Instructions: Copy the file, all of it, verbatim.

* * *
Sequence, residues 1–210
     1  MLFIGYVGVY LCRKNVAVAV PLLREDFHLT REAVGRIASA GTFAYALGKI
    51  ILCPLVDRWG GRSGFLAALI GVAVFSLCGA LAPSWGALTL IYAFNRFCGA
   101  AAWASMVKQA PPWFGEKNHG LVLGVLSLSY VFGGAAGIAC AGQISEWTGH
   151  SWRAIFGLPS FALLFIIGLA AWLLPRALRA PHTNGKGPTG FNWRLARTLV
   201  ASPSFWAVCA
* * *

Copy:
Sequence, residues 1–210
     1  MLFIGYVGVY LCRKNVAVAV PLLREDFHLT REAVGRIASA GTFAYALGKI
    51  ILCPLVDRWG GRSGFLAALI GVAVFSLCGA LAPSWGALTL IYAFNRFCGA
   101  AAWASMVKQA PPWFGEKNHG LVLGVLSLSY VFGGAAGIAC AGQISEWTGH
   151  SWRAIFGLPS FALLFIIGLA AWLLPRALRA PHTNGKGPTG FNWRLARTLV
   201  ASPSFWAVCA